IRTE 2: A Scooby Snack that eats like a meal!

The Improvisational Repertory Theatre Ensemble is back. This group of stage and film artists has come together for another season of quick-wit hi-jinks.

Hi-Jinks??? Who uses such a word in the 21st century? They sure do. This series of long-form fun is brought to you by their childhood.

The Groovy Gang Adventures is a very thinly veiled tribute to Scooby Doo and the mystery solving teens of the 70s and early 80s, complete with the stock guest characters: the talking animal (in this case a gator); the old millionaire, the eerie mystic who everyone thinks will be the villain in the end, but is actually a red herring; the actual villain; and so many others in this retro repertory.

The agile ensemble of Robert Baumgardner, Nannette Deasy, Alex Decaneas, Curt Dixon, Jamie Maloney, Danielle Montezinos, Jeff O’Leary, and Isabelle Owens set the stage brilliantly with mood music (if you can call the Archies mood), and homage to the famed Scooby Doo chase montage, the “mysterious” locale they blunder into, and the famed vaudeville style double takes all on Gotham City Improv’s really lovely stage. They deftly add a lot of topical humor (Curt Dixon’s hysterical character, Talcum, was a consistent laugh inducer), mondo-sexual innuendo (morphing into downright pornographic from time to time ) and – undoubtedly thanks to their own stage training – excellent comic timing. The humor, no matter how silly and seemingly childish, possessed a wit and private-joke delivery. The best example is a thread that starts innocently discussing how a gator ages and turns into a social commentary on the youth culture and how the previous generation feels the need to takes steps back in order to belong – at least that’s how it seemed. Robert Baumgardner should get special mention for his spot-on bayou style accent and the group’s founder, Nannette Deasy, possess a laudable amount of stage presence and the delicacy needed to not be  a scene stealer. One doesn’t realize how funny her walk and talk really is until she drops it to say good night to the audience.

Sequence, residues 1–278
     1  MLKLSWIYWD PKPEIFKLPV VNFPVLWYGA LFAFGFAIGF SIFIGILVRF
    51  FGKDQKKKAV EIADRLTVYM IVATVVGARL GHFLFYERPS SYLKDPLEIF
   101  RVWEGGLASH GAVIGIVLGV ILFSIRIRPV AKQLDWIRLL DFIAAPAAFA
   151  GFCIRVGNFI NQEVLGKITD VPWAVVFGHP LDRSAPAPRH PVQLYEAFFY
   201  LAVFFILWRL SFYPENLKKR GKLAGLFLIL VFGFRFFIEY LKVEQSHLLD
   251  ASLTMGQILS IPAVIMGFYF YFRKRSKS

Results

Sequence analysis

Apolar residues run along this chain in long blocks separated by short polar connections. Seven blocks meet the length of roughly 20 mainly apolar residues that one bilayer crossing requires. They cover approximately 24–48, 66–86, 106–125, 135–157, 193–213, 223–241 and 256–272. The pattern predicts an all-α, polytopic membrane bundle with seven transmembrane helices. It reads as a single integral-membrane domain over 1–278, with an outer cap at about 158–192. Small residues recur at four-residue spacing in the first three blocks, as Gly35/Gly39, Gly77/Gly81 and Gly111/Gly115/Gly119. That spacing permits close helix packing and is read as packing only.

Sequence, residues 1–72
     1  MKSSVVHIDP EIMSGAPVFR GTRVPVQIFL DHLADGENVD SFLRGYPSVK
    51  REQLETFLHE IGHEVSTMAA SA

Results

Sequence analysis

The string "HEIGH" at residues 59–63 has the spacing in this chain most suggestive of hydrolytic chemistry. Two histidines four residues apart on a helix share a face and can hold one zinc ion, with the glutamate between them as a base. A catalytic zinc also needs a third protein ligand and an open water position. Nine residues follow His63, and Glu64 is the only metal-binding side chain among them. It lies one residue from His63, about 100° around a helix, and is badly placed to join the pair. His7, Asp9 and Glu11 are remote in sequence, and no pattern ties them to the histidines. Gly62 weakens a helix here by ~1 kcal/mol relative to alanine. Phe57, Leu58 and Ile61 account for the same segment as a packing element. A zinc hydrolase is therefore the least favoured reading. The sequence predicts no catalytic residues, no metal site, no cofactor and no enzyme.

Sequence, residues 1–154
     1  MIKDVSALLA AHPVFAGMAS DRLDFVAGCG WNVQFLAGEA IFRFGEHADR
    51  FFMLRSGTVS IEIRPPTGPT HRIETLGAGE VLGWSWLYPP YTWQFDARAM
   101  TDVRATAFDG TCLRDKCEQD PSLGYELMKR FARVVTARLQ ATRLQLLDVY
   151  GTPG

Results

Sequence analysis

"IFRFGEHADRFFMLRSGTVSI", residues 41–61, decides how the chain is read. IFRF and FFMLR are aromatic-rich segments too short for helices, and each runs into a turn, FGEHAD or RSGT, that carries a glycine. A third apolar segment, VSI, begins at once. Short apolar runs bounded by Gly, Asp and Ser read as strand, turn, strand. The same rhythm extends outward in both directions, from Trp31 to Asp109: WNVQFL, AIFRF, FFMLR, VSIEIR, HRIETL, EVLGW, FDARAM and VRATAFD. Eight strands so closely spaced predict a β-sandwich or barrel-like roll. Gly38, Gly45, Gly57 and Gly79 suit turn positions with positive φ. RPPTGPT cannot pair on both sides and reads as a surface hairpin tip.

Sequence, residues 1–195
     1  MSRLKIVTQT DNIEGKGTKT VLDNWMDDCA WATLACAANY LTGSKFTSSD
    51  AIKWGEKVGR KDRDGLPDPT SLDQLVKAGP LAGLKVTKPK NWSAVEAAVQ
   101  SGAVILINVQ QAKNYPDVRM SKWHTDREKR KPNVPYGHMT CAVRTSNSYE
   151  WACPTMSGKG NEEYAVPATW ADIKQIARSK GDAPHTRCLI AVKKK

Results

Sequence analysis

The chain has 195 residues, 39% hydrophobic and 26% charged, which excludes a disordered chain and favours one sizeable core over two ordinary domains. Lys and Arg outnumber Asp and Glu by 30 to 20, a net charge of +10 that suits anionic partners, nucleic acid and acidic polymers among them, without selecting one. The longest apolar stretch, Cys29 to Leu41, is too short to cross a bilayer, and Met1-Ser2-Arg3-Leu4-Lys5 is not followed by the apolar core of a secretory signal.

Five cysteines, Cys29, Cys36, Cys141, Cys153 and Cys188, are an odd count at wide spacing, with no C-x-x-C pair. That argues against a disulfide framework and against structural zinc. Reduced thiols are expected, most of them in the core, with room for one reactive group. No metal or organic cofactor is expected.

In the middle of all the improv, another retro trick was employed – the musical guest. The clever and sardonic, Jessica Delfino arrives to strum out songs with some truly envelope-pushing topics – like a folk song about suicide. It would be easy for some to miss the mark and insult the crowd but Delfino’s manipulation of the topic plus a Bob Newhart wit (a more modern comparison wouldn’t work with all the retro going on) made each number more hilarious than the next.

IRTEIRTE is still innocent however, as you can see the microscopic reactions they all made when a joke fell flat or got an abundant laugh when not expected – but this only made the intelligent crowd more apt to be on their side.

The razor sharp IRTE is humor for the thinking man – and woman. Come for the laughs – there’s a test on it afterward.

Their season goes through the summer with a veritable Night Gallery of sketches (a more modern comparison wouldn’t work with all the retro going on). Check then out at

Amy M. Frateo is an actress and blogger. She usually writes on cabaret and jazz and blues groups. Her theater reviewing began in the old TheatreWeek and continue in online pubs like Drama-Queens.


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